FTP is the protocol of choice to send data over the Internet. A wide range of command lines and GUI clients are available. Most operating systems have an FTP client installed by default. Due to legal requirements, plain FTP will not be supported after June 21st, 2018. Only FTPS (FTP over TLS) and SFTP (FTP over SSH) will be supported for manual uploads.
All server enforce authentication. For Web access, you need to authenticate using your IBM ID. For FTPS and SFTP servers you need to create an "IBM Support File Transfer ID".
FTPS instructions (FTP over TLS)
FTP is the protocol of choice to send data over the Internet. A wide range of command lines and GUI clients are available. Most operating systems have an FTP client installed by default. ECuRep does only support FTPS (explicit) to meet legal requirements.
For a certain period of time, anonymous FTP uploads using tools that enforce encryption of the content, will be supported. In order to use this, your FTP client must support TLS and your firewall must be transparent for secure FTP .
Note: Please use the server closest to your physical location.
Active vs. passive transfer mode
The FTP protocol supports two transfer modes: active and passive. Both are supported by the ECuRep FTP server. The active mode is the default for many FTP clients. If you encounter problems after logging onto the ECuRep's FTP server, try to switch to the passive mode. This is needed because most corporate firewall policies only allow the use of the passive mode. If your client does not support the passive mode, please use another client. If you are in doubt, try an ls command right after login. If nothing is returned and a timeout occurs passive FTP is required.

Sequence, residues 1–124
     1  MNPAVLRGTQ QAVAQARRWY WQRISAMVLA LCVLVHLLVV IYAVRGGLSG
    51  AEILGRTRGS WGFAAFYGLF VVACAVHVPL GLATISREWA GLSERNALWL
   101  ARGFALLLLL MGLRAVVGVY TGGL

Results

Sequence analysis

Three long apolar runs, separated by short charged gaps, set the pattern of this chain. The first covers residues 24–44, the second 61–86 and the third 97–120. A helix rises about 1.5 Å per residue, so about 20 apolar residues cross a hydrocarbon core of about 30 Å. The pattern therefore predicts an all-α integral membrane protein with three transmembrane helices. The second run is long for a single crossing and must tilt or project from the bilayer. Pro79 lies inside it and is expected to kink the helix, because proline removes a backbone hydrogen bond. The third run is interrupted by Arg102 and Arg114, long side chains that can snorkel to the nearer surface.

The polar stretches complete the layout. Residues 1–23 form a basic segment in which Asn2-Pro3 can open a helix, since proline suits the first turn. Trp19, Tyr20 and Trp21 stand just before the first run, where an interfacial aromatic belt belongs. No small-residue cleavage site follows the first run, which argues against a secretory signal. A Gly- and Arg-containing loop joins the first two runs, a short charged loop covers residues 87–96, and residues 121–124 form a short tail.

ASCII vs. binary transfer mode
One of the least-understood aspects of FTP transfers is the difference between ASCII and binary mode data transfers. ASCII stands for American Standard Code for Information Interchange, and is a type of character encoding based on the English language used on devices that handle information stored in text. It includes 33 non-printed control characters and 94 printed characters such as letters and punctuation.
When files are transferred in ASCII mode, the transferred data is considered to contain only ASCII formatted text. The party that is receiving the transferred data is responsible for translating the format of the received text to one that is compatible with their operating system. The most common example of how this is applied pertains to the way Windows and UNIX handle newlines. On a Windows computer, pressing the "enter" key inserts two characters in an ASCII text document - a carriage return (which places the cursor at the beginning of the line) and a line feed (which places the cursor on the line below the current one). On UNIX systems, only a line feed is used. ASCII text formatted for use on UNIX systems does not display properly when viewed on a Windows system and vice versa.
Binary mode refers to transferring files as a binary stream of data. Where ASCII mode may use
special control characters to format data, binary mode transmits the raw bytes of the file
being transferred. In binary mode, the file is transferred in its exact original form.
For our FTP server transfer must be done in binary mode.
To help you use our FTP server, we provide several operating system-specific descriptions. For more information, please go to the description of your operating system.